a. There is a Policy establishing NGDI coordinating Agency Absolutely True Fairly True Slightly True Slightly False 2. There is a National SDI coordinating body Absolutely True Fairly True Slightly True Slightly False E. There is an NGDI Champion at the highest political level Absolutely True Fairly True Slightly True Slightly False Absolutely False Not Sure B. There is ready access to spatial data through a Geo-portal. The data creation process is formally standardized for all data creators Absolutely True Fairly True Slightly True Slightly False Absolutely False Not Sure Technical Slightly True Slightly False Absolutely False Not Sure Slightly True Slightly False Absolutely False Not Sure
. There is a legal framework governing spatial data Absolutely False Not Sure pricing Absolutely True Fairly True B.Section B:
There is adequate national budget to fund the NGDI activities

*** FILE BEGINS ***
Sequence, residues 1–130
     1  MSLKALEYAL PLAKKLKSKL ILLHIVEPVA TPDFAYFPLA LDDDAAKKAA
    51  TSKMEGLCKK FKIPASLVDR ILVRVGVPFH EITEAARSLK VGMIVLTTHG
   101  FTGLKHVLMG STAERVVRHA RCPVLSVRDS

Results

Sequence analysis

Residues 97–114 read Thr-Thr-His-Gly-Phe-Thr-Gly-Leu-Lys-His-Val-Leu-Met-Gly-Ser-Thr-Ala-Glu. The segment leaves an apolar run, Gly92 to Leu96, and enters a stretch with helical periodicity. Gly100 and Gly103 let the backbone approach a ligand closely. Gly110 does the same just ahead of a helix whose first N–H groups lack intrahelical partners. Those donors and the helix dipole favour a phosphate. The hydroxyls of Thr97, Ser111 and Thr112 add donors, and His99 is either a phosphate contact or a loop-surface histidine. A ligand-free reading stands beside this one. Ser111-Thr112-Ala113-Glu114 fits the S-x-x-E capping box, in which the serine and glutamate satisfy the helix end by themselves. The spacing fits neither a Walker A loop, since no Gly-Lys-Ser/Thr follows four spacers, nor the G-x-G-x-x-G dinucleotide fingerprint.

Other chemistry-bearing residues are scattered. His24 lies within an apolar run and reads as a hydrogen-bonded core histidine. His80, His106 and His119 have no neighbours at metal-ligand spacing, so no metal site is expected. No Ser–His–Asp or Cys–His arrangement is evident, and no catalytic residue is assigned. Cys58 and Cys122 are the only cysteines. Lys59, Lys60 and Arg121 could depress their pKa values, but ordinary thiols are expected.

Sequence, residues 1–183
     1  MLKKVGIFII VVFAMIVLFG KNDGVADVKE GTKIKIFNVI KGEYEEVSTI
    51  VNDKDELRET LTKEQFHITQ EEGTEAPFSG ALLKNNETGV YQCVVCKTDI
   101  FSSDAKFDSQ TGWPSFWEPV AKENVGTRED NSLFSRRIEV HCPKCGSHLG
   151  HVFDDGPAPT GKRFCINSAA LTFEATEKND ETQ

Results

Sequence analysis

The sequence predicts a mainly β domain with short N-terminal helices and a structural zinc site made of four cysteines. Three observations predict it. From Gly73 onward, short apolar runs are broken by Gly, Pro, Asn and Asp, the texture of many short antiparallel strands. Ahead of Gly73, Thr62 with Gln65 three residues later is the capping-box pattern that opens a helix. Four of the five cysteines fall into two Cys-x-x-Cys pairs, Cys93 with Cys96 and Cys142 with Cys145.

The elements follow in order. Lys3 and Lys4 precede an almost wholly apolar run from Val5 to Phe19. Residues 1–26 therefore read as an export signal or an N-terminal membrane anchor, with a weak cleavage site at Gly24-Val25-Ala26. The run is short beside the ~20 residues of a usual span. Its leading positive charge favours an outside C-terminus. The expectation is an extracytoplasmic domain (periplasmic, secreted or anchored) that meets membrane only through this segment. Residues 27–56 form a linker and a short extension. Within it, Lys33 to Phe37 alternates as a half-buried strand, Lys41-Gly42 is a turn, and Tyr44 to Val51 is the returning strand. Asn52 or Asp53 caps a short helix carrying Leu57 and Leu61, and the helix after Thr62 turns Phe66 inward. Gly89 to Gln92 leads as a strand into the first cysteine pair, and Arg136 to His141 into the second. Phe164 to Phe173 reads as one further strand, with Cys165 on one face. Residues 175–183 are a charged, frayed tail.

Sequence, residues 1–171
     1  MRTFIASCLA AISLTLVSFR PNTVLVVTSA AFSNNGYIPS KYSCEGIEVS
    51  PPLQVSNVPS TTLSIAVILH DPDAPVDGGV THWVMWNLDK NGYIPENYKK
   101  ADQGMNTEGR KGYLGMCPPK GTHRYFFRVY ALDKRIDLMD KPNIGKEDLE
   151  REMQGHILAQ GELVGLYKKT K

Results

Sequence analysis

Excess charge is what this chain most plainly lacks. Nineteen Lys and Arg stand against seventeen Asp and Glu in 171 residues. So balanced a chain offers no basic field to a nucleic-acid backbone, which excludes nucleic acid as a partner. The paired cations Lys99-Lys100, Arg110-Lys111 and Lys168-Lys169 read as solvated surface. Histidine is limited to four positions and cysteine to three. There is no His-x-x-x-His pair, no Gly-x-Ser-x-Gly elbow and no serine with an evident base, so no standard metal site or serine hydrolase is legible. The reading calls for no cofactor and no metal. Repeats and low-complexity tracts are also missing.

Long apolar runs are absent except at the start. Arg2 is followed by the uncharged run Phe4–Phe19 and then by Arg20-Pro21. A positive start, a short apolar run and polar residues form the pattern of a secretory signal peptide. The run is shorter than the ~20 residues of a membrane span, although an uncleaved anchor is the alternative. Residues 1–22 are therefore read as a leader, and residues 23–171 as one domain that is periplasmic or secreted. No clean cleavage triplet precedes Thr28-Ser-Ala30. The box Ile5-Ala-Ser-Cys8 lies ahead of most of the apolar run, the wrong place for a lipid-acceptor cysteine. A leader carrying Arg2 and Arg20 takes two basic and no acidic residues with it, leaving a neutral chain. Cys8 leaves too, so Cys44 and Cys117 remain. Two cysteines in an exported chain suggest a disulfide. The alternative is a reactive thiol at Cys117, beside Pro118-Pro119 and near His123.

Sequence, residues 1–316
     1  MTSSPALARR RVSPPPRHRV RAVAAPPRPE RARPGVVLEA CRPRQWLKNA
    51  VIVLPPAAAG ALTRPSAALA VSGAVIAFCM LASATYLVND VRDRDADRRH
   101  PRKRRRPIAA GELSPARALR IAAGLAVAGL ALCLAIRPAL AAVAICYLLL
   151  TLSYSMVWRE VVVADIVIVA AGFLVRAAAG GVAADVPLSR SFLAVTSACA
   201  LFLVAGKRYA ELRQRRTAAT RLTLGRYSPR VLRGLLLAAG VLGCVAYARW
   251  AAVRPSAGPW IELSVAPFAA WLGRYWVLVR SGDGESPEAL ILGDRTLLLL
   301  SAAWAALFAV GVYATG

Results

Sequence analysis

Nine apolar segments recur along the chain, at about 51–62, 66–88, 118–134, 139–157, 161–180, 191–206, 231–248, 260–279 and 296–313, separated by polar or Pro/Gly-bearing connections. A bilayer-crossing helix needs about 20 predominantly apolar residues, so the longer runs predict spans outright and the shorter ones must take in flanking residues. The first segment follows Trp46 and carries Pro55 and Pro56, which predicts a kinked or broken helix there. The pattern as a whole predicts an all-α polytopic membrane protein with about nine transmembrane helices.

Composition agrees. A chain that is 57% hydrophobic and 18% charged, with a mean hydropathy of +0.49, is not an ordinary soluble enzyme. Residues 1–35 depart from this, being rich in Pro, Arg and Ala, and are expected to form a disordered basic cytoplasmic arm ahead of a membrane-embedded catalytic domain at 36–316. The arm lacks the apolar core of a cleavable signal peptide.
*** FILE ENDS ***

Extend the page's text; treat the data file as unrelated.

Fairly True Slightly True Slightly False Absolutely False Not Sure
A. Data creators create metadata according to a prescribed standard Absolutely True Fairly True Slightly True
Fairly True Slightly True Slightly False Absolutely False Not Sure
.Absolutely True Fairly True Slightly True Slightly False Absolutely False Not Sure
Slightly False Absolutely False Not Sure
F. Metadata is captured for most of the data that is created Absolutely True Fairly True Slightly True Slightly False Absolutely False Not Sure
Absolutely True Fairly True Slightly True Slightly False Absolutely False Not Sure
B. The NGDI initiative is self-sustaining Absolutely True